Getting Bogged Down

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Oh, my aching muscles...

Enjoy plants that thrive in marshy conditions

By ML Dehm
We are living in a time when our prized native wetlands are disappearing in spite our efforts to save them. The loss of the wetlands means a reduction in habitat for many native plants and animals. It is fortunate that the new awareness of water gardening and the availability of plants and materials now make it easy and affordable to keep your own bit of wetland habitat.
Commonly referred to as bog gardening, the creation of a place for moisture-loving plants is by no means new. Many ancient cultures maintained bog gardens.

In the Pacific Northwest, the importance of the wetland garden cannot be discounted. Native amphibians, the gardener’s friends, are finding their breeding grounds disappearing as the land is drained and new housing tracts are built.

Plants such as the native Skunk Cabbage (Lysichitum americanum) commands a premium price in Britain for its unique appearance — but is bulldozed here without consideration. Today’s home gardener now has the opportunity to be like their ancient counterpart and create a little oasis in a sea of construction.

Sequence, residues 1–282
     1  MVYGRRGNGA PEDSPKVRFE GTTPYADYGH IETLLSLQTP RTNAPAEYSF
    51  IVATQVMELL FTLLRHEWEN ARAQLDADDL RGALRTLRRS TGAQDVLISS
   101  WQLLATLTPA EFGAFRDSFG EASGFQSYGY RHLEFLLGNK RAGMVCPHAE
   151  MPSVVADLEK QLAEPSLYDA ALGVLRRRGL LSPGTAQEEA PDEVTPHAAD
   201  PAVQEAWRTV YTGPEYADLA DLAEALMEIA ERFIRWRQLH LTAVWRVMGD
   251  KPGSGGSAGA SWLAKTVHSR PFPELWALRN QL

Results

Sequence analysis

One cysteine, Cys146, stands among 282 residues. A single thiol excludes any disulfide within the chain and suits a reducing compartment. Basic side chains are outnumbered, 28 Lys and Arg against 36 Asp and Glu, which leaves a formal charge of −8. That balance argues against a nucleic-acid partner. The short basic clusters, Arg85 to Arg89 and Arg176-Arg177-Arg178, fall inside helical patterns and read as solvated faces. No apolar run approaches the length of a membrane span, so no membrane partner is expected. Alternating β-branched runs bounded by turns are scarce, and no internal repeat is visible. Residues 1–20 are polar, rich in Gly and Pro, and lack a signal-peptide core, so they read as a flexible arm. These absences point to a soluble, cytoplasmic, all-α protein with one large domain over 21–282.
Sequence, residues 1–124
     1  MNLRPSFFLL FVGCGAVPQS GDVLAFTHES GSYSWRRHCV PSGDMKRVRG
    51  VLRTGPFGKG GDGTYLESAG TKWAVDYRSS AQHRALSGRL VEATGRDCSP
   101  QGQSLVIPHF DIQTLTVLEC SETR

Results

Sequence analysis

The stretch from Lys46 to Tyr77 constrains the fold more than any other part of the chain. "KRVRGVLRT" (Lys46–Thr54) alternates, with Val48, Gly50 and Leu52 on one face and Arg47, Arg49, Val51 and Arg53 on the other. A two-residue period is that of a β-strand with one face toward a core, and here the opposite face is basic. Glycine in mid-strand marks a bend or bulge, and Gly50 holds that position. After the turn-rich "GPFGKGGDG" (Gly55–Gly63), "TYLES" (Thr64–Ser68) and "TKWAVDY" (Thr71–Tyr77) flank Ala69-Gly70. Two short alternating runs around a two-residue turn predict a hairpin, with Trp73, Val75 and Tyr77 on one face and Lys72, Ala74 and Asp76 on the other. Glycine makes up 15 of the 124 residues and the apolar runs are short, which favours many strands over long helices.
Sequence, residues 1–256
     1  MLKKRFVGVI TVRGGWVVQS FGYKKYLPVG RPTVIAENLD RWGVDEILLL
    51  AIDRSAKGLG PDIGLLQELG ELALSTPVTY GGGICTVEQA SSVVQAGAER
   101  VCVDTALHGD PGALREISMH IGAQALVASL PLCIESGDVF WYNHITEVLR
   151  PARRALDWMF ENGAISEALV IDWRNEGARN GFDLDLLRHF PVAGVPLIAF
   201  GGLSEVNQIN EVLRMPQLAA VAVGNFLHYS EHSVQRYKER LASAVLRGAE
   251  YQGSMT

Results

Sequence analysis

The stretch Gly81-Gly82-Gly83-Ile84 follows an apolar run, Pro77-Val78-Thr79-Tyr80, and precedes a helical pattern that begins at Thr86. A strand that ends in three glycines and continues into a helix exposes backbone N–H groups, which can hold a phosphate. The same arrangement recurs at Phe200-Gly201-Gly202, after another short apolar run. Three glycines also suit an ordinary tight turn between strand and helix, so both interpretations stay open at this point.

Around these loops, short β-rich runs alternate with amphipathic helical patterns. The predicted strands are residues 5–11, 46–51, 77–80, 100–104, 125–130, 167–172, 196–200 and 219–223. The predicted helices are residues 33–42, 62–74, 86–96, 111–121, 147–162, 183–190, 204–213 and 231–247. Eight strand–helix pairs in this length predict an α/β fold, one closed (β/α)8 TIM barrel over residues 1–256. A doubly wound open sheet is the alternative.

Bog gardens are not as popular as the traditional pond, yet they are relatively simple to install and one can maintain many of the same plants as are kept in a pond setting. Unlike the structure of a pond — in which the goal is to maintain a constant water level — the bog merely requires a reduction of drainage.

While you certainly can go out and purchase expensive liners specifically made for water gardening, it is as effective and more affordable to use plastic sheeting. Used plastic sheeting and tarpaulins can be recycled in this way. Be sure they were not previously exposed to paint or chemicals which could hurt your plants. The bog liner also does not need to be padded or completely free of small holes or tears. Keep in mind however that the more holes and tears in the material, the more often you will need to water your soil.

Location is just as vital with the bog garden as it is with the pond. Many native wetland plants are shade tolerant, but some attractive choices are not. Browse your local nursery or water garden center before selecting your site and get a feel for the type of plants you prefer and discover their requirements.